Sunday, May 11, 2014

How a Bicycle Equals Power: An Analysis of Beijing Bicycle (Final Draft)

Rodriguez Osiel
Professor Wexler
English 495ESM
How a Bicycle Equals Power: An Analysis of Beijing Bicycle
Most people see a bicycle as a commodity that can be used for leisure and fun. However, in the film Beijing Bicycle it is seen as a symbol of class statues and higher social standing, for Jian and as a tool that allows Guei to complete the very first job he has acquired. The bicycle in the film can be seen as a replacement for money because having the bicycle equals having power.
Money equals power and power equals influence is something that we all have heard before, but what we have not heard is that this ideology can be placed on other commodities and objects all around us. According to Randy Martin, “financialization of daily life did not banish labor, but elaborated it in the domestic sphere.” Although the quote is talking about the work force it also talking about how every aspect of daily life become something that could be talked about in numbers; it can still be applied to the film because the bike becomes something of a currency that is needed to live the life both protagonists want. For example, in the film around the thirty-two to thirty-four minute mark we see that Jian is using the bike to impress the girl that he likes while earlier in the film we see Guei using the bike to complete his job in order to earn the bike itself. Although the bike remains the same, the connotation or better the value of the bike changes depending on who currently owns the bike. If it is in Guei’s hands then it is a tool that he uses to complete his job, as well as a symbol that marks him as a citizen of Beijing and that gives him a sense of belonging. However when the bike is in Jian’s hands it is a class symbol that raises his social status, because of how “nice” and expensive looking the bike is, he uses it to improve the way the girl he likes looks upon him and it also gives him a sense of belonging not to Beijing, but to the group of friends he hangs out with.
The carrier business that Guei works out of is also an extension of the power the bike has because that’s where he originally got the bike and the bike does not become his until he completes a certain amount of deliveries. Around the thirteen to sixteen minute mark we see a struggle of power over the bike because Guei argues that according to his accounts on his notebook he has completely paid for the bike, but the secretary of the carrier business says he has not and has to delivery for one more day in order for the bike to be his. Both of the scenes can be seen as a power struggle between a big corporation and a small business in the sense that the big corporation is trying to absorb the small business into its assets the small business is resisting. According to Cultural Space and Urban Space: The New World, “”Fight against inflation is a cover to bash workers and create an industrial reserve army so that capitalists could have easy profits.” The secretary telling Guei that the bike is not yet his because he still owes them one more day of delivering packages is a form of fighting against inflation because the bike has become inflated even though according to Guei’s accounting he already owns the bike. Another example of this, is earlier in the film when Guei goes to deliver the package to Mr. Zhang and he is forced to take a shower when he doesn’t want to and later he is forced again to pay for the shower that he was forced to take. This is an example of how almost everything is getting a price tag on it when it should be free.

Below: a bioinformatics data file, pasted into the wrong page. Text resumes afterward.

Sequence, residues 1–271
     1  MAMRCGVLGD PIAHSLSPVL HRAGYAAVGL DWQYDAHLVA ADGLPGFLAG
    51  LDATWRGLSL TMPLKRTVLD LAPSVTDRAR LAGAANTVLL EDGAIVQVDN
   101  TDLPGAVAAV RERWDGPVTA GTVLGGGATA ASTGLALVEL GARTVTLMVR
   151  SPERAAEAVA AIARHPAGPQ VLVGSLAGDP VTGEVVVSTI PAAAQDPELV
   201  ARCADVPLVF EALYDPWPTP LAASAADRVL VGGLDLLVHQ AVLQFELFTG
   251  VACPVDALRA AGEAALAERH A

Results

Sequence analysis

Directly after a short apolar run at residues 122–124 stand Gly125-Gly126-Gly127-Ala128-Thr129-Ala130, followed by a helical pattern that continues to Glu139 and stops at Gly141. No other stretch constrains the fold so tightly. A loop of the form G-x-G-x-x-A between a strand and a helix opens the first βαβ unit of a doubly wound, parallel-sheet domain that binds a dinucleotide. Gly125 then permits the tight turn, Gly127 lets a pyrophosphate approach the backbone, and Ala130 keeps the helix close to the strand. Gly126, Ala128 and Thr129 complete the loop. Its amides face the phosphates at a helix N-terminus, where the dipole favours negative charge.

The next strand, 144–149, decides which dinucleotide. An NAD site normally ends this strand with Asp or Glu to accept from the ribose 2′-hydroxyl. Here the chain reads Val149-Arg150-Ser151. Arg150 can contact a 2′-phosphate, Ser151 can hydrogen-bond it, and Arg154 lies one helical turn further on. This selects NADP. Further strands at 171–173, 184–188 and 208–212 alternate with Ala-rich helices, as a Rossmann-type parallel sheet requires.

The view that Guei and his relative have towards rich people is that even though the have money and power they are not truly ever happy. At the six to eight minute mark Guei and his relative watch as a young woman comes into view wearing many different types of clothes and never smiling. The relative ends by saying that city folk have lots of money, but are never really happy. However later in the film we find out that she is just a maid that strives to become like her boss and wear a variety of different clothes and own a huge house and this is her way of fulfilling her fantasy. This is a clear example of the ideology that every person no matter their background can rise up to be become a successful business men/women and live the life of the rich, however what they don’t tell people is that only a select and very few actually do become rich and successful to the point of not having to work anymore because of the wealth they have accumulated. According to, Fredrick Jameson, “‘utopian’ has come to be a code on the left for socialism or communism; while on he right it has become synonymous with ‘totalitarianism’ or, in effect, with Stalinism.” The quote above shows how one thing can be viewed as a multitude of things and how the different interpretations can be worlds apart.
            In conclusion, the power that the bike has in the film is finally resolved when the one of the ones finally keeps the bike and the other doesn’t. This illustrates the power struggle that happens between the working class and the rich.

Work Cited
“Cultural Space and Urban Space”. 10 May 2014. Web
Jameson, Fredrik. “The Politics of Utopia”. 11 May 2014. Web

Martin, Randy. “Where Did The Future Go?”. 09 May 2014. Web

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